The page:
Addressing PLNU’s Bizarre Academic Calendar

In Latest News, Opinion by Riordan Zentler

PLNU has an unusual undergraduate academic calendar. Every semester, students and faculty alike discuss how odd it is to start each semester on a Tuesday, with a Monday schedule. Students end up at the wrong classroom at the wrong time, and professors have to maneuver their classwork schedule to accommodate the bizarre calendar.

Take LIT351, World Cinema as an example. This spring, Dr. James Wicks is teaching two sections of the popular class–one on Tuesday from 6:00 to 8:45 p.m., and another on Thursday at the same time. Desiring to keep both sections on the same weekly schedule “to keep [his] brain on straight,” Dr. Wicks had to cancel the first Thursday class entirely–otherwise the two sections would only align once Easter recess resulted in a Thursday cancellation, three-quarters of the way through the semester.

Additionally, classes that meet exclusively on Tuesdays miss the entire first week of class, which makes for a slow start.

According to Vice Provost for Academic Administration Dr. Holly Irwin, the rationale for the odd schedule is twofold.

“First,” she said, “factoring in days off, this action allows a balance of Monday-Wednesday-Friday and Tuesday-Thursday classes.”

“Additionally, in the fall semester, the Monday allows one business day for returning students to ensure they have the necessary materials and in the spring semester affords a New Student Orientation for students joining PLNU.”

This is a true statement at its core. In the Fall 2017 semester, the result was 15 Mondays, 14 Tuesdays, Wednesdays and Thursdays, and 13 Fridays–essentially 14 of each.

Spring semesters are a little more convoluted since PLNU’s academic planners have to juggle both Spring break and Easter recess. By giving the first Tuesday a Monday schedule, Spring 2018’s end result is 13 Mondays, 14 Tuesdays, Thursdays and Fridays, and 15 Wednesdays.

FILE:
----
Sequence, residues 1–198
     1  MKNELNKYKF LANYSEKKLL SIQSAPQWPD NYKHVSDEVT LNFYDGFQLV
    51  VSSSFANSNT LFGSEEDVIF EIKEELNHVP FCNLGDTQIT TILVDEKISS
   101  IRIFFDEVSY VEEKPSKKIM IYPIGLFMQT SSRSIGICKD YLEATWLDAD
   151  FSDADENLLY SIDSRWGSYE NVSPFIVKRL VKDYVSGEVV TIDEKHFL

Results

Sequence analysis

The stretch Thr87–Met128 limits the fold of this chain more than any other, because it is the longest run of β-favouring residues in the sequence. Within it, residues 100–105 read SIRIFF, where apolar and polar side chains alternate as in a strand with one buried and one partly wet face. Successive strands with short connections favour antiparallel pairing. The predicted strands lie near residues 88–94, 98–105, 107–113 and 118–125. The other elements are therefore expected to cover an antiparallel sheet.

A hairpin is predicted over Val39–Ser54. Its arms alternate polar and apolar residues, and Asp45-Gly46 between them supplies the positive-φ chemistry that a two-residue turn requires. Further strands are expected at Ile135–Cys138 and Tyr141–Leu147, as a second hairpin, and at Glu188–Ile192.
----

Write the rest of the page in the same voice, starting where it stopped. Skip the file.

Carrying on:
Still, Fall could be made much less confusing for students and faculty both by including the first Monday, adding a Tuesday to Thanksgiving break, and moving the very arbitrary “Fall Break” to the start of a week rather than the end. No one minds skipping a Monday!

The spring semester’s calendar is a lot more difficult to address. I’ll freely admit that nothing I could come up with made for a very attractive schedule. It’s possible to create a balanced “14 of each day” calendar by including Monday on the first week, adding a Tuesday and Wednesday to Easter recess and removing Martin Luther King Jr. Day.

While PLNU is a private institution and isn’t required by law to take MLK Day off, it would be odd not to. The man himself gave a speech at PLNU’s Golden Gymnasium in 1964.

All that said, I’m strongly opposed to New Student Orientation ever taking the place of a potential school day. NSO is supposed to help freshmen and incoming transfers adapt to their new setting–but it’s easier to get into the swing of things by going about a normal day than by being bombarded with boatloads of new information.

Riordan Zentler is a senior majoring in journalism.